LT: If you don’t have support it can really send you over the edge. Your business can fail, your family can break down. It took me a year to recover from what happened in Australia. And when you hit that kind of crisis point, that’s when you realise who your real friends are. Day to day, though, I make sure I exercise every morning – go to the gym, maybe hike up a mountain. It’s a great way to start your day…with a clear head. You’ve got to love what you do. I don’t have partners that I fight with. I’m fortunate that I travel quite a bit. I’ve learnt to delegate (that didn’t come easy). I don’t lose it over the stupid little things – if we get a bad review, it’s OK. I used to go to work and everyone around me would dictate my mood. I don’t allow that anymore. I also have a lot more peace of mind when the different components of my restaurants are set up as separate businesses; retail, bar, kitchen, and so on. That way, if one doesn’t work, it won’t bring down the whole business.
What do you do to create a healthy working environment?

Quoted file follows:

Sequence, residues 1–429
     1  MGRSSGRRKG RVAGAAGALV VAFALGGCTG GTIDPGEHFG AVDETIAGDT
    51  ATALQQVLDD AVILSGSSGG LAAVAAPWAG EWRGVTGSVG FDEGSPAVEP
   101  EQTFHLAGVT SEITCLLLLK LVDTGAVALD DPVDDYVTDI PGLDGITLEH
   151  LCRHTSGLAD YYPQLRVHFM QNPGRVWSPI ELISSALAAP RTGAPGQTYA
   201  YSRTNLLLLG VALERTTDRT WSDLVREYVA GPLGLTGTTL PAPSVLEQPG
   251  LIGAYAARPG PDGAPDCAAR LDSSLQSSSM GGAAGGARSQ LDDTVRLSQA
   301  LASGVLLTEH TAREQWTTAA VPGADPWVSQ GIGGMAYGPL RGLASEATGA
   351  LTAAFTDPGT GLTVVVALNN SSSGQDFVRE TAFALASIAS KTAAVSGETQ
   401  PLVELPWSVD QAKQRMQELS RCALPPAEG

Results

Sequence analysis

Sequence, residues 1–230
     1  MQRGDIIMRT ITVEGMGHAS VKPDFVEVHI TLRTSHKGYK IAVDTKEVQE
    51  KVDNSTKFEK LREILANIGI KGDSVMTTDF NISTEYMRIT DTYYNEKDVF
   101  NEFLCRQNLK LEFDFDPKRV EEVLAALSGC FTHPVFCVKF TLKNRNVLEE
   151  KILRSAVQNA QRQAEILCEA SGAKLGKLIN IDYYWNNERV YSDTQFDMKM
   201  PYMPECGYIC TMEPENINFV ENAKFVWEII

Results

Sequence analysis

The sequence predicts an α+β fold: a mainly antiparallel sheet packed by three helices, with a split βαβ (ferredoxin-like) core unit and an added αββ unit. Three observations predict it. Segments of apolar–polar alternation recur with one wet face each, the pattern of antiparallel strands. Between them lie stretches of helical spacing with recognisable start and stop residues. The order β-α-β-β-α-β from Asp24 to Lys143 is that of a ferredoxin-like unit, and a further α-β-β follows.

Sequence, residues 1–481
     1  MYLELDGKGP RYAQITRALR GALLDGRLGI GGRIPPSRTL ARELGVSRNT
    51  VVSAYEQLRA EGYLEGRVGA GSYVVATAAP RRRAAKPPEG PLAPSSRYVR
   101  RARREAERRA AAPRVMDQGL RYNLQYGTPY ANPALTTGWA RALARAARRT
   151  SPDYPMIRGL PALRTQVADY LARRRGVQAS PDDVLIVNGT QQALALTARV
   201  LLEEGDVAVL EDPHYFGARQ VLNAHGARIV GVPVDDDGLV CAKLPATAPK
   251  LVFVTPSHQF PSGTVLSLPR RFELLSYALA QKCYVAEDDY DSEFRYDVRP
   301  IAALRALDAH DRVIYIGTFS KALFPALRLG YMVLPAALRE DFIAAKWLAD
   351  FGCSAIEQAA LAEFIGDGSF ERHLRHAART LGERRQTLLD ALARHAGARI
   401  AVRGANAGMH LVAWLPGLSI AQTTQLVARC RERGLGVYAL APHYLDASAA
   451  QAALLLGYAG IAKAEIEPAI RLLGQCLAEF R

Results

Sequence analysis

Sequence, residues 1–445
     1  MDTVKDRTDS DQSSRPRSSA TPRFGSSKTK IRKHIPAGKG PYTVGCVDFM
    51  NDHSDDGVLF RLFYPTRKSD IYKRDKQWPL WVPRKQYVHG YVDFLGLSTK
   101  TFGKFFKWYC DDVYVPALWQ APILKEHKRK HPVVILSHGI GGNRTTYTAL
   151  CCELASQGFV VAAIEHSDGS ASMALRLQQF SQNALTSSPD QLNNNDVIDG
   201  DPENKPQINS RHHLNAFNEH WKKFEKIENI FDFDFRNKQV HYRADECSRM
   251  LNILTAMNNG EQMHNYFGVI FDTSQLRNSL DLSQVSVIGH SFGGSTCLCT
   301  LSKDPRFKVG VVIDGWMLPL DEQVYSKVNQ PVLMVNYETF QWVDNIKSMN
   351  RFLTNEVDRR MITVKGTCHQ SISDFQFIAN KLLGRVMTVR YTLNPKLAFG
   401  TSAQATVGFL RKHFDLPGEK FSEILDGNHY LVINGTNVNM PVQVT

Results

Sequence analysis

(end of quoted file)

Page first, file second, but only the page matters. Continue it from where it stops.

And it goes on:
JHvdW: I always look at the behaviour of the people close to me for signs that they might be in a dark place; family problems, mental exhaustion, depression and general fatigue, which unfortunately, is part of working such long hours. We address issues head on. Having respect, living by our values, keeping calm and staying collected is what makes or breaks the modern kitchen. Whenever someone new joins the team, they often have to work out their demons; let go of their past experiences. And we have to make sure they know that we are a family. A gentle touch on the shoulder, making eye-contact, and even saying, “Let’s start from the beginning,” is a hundred times more efficient than screaming and trying to break someone. At JAN we are creating an environment of open honesty in the workplace. We’re strict but direct, with no motives but to make what we do and who we are better.